Planning a Post-Funeral Reception

If you’re in charge of planning a funeral, it’s a good idea to consider a post-funeral reception. It’s not required, but it’s the perfect place for people to connect after the service, and that’s an important part of the healing process. Here, we offer a sampling of questions to ask yourself while you’re making your plans.

  • Why host a reception? As mentioned above, a reception offers people a place to connect. By serving food in a welcoming place, you’re fostering a relaxed atmosphere in which people can tell stories, share memories, gain closure, and help each other to heal.

  • Where should you hold the reception? In times past, people hosted receptions in their homes, with friends and family members bringing dishes to share. That’s still done in some cases, but the big trend right now is for funeral homes to provide reception space onsite, often with catering service provided, for the convenience of the families. If you have your heart set on a particular funeral home that does not offer this service, don’t worry. Many people find that choosing a restaurant that was special to the person who has died is an excellent and easy alternative.

  • What kind of food should you serve? The kind of food served at a reception depends largely on your heritage, tradition, where you live, and where you’re holding the reception. Some people serve only appetizers and light snacks, or pastries and coffee, while others provide a full spread. Others prefer to host a potluck style reception, inviting guests to bring their favorite dishes to share. If you’re dining at a restaurant, you might choose to have a limited menu or serve the food buffet style. Get some help planning this, whether it’s from a friend, a funeral director, or a restaurant manager.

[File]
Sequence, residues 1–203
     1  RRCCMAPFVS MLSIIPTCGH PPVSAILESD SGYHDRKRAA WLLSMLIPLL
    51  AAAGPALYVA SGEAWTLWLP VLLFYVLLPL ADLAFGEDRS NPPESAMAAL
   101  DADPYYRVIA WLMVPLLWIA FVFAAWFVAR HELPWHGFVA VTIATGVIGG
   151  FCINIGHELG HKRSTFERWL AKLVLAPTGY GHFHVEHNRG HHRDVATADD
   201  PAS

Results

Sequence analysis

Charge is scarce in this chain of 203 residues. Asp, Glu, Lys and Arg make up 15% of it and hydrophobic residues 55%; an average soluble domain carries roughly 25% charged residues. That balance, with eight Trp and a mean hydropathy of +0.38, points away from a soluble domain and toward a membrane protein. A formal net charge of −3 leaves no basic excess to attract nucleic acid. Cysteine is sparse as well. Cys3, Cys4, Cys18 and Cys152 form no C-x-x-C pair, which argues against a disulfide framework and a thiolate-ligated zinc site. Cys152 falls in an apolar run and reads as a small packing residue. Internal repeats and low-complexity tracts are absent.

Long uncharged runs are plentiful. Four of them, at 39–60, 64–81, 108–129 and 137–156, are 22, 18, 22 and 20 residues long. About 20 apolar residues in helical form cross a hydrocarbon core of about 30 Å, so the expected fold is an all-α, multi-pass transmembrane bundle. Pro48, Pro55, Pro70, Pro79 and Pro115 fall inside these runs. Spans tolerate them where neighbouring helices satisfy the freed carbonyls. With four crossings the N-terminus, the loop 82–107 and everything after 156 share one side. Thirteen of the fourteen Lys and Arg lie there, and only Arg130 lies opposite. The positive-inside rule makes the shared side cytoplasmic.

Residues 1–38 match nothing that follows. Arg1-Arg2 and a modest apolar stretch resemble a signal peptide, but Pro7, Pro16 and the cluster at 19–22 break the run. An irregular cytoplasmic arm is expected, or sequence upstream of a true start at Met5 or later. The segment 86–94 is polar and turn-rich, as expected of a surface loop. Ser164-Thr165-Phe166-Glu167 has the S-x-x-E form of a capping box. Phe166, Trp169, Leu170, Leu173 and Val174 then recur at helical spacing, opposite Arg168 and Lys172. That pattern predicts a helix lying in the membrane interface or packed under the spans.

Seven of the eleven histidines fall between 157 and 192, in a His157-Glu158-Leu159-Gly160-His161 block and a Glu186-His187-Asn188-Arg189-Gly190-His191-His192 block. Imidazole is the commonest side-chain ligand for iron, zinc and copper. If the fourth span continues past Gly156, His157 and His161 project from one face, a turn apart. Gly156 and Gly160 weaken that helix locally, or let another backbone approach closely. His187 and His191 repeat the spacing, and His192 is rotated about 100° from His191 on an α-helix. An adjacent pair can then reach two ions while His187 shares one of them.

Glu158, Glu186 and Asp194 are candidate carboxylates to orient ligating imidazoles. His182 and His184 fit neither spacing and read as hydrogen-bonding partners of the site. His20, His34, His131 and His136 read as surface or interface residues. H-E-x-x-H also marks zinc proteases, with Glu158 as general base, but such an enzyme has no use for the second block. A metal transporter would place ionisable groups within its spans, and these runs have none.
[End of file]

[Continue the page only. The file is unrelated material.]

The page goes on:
• Do you need audio-visual equipment? This may seem like an odd question, because you’re probably not planning on incorporating entertainment into the reception. It can be nice, though to play music or a DVD tribute to your loved one. If you choose a private reception hall over a restaurant, you have much more freedom to customize your experience.

  • Who should “work” the event? Obviously, if you choose a restaurant there will be staff, and the same is true for a catered reception. If you choose to go the potluck route, though, it’s a good idea to delegate responsibility. Friends and family members want a way to feel helpful and useful, so choose someone to organize details, and others to see to the logistics of the event.

Planning the post-funeral reception can also be part of the pre-planning process. When you preplan your funeral, you get to decide on all aspects of the day, from the service to the reception to your final resting place. For more information about pre-planning, contact Cincinnati Cemeteries for more information by visiting our website .

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